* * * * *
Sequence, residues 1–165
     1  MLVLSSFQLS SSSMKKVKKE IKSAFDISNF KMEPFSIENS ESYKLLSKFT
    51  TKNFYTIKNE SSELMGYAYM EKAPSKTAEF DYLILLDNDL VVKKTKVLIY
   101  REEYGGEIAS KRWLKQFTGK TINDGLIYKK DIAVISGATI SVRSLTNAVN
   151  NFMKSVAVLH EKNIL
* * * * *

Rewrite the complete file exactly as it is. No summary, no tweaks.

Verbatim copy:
Sequence, residues 1–165
     1  MLVLSSFQLS SSSMKKVKKE IKSAFDISNF KMEPFSIENS ESYKLLSKFT
    51  TKNFYTIKNE SSELMGYAYM EKAPSKTAEF DYLILLDNDL VVKKTKVLIY
   101  REEYGGEIAS KRWLKQFTGK TINDGLIYKK DIAVISGATI SVRSLTNAVN
   151  NFMKSVAVLH EKNIL